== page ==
Radio astronomy is an Atlantean science that is lost in the profound night of all centuries. This science re-emerged in our day and age, in an apparently very casual way, thanks to the incessant efforts performed by Karl G. Jasnky of the Bell Telephone Laboratories in New Jersey. His assignment was to track down and scientifically identify the various forms of high frequency static interference that, in a very disturbing way, were plaguing the vital transoceanic telephone communications of his corporation.
On August 1931, Jansky started his observations by utilizing a longitudinal wave of 14.6 metres (20,600 kilocycles). Thus, very soon, he achieved in detecting the sources of two types of cosmic static.
The first source of cosmic static was evidently attributed to thunderbolts, which are produced in a terrific way during any storm.
The second source of cosmic static was qualified by the cited sage as very distant storms whose radio-emissions were probably deviated towards the earth by the ionised regions from the polar caps of the atmosphere.
However, something unusual appeared, something peculiar happened: he achieved in detecting what he was not searching for. It was a high pitched whistle sound, whose strange intensity was slowly varying during the day.
Jansky very sincerely informed the “Proceedings of the Institute of Radio Engineers” that the direction of this strange and mysterious whistle sound was going around every twenty-four hours, in all cardinal points of the compass.
He stated, “In the past months of December and January, its (the sound’s) direction generally coincided with that of the sun. Yet, its source could not be detected with precision. Then, its direction deviated, and in March, it was preceded approximately one hour in time towards the direction of the sun.”
It is evident that Jansky supposed many things, he made up many conjectures in relation with such a strange sound. It is no wonder, since this subject matter was extremely rare. However, he finally arrived at his own conclusions.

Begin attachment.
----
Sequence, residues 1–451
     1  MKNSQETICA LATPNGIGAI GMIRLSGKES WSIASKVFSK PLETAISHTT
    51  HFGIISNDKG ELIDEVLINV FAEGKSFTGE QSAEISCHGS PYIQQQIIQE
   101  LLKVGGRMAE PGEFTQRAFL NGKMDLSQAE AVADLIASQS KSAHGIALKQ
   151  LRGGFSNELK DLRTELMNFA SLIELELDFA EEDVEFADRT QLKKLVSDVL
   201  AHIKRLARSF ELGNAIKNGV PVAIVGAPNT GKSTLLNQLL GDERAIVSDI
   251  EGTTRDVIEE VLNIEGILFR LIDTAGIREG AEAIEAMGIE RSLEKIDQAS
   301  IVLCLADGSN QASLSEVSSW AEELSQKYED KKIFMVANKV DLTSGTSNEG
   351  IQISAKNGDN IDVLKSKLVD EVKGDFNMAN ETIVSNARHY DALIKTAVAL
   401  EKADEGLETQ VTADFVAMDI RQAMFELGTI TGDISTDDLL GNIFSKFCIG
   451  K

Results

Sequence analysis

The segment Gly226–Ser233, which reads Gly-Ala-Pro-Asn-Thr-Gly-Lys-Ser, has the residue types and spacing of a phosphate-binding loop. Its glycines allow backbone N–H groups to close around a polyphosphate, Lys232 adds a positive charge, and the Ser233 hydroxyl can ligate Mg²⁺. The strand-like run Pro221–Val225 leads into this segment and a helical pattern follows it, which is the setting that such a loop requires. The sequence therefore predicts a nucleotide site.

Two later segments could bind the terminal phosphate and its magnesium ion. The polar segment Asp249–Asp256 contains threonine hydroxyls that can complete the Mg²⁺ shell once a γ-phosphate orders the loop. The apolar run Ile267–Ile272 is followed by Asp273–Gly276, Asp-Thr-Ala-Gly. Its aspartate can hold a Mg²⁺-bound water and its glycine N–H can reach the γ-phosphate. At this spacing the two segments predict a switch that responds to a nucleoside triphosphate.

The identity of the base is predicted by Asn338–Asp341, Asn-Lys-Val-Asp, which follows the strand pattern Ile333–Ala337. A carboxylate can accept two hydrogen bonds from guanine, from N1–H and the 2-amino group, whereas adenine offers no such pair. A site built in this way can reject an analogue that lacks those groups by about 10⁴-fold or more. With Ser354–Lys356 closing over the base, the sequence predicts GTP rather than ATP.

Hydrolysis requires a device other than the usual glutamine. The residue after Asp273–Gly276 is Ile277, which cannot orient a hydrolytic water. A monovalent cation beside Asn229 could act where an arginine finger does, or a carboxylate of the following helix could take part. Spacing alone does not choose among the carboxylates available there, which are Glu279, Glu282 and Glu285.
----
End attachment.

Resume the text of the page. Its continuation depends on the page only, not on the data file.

He stated, “The radio emissions seem to come from a unique source or from a great number of sources which are disseminated throughout the firmament, beyond the solar system.”
It has been established with complete exactitude that the special cosmic center from where such radio emissions come from is found in the direction of the center of the galaxy, and lies in the direction of the constellation Sagittarius.
This does not signify in any way that other waves from other corners of the Milky Way do not reach the Earth.
It is obvious that our galaxy is a living fountain of radio sounds with various zones of great intensity of emission.
The Logos sounds and our Milky Way is not mute. It sustains itself by means of the Word, by means of the sound, by means of the spermatic and luminous Fiat of the first instant.
In the beginning was the Word and the Word was with God and the Word was God.
The sound, the Word, the creator word propagates itself everywhere, it reaches all places.
It is obvious that the exceedingly frightful Second World War impeded every new progress in radio astronomy.
In February 1942, British radar operators denounced a new form of obstruction adopted by the Germans. Yet, when the knowledge of this new interference was given to J. S. Hey from the Army Operational Research Group, it was verified that such a perturbing sound had its origin in a solar spot.
We can affirm, without fear of being mistaken, that radio waves are an amplification of luminous waves of great longitude. The marvellous discovery that some parts of the sky shine in the radio spectral band signifies, as a fact, that something completely new has surged in the firmament.
Indeed, it has been proven in an integral way that the clouds of individual atoms of hydrogen, contrary to that which happens with the pairs of atoms from the gas of hydrogen, emit radio waves of a longitude of twenty-one centimeters.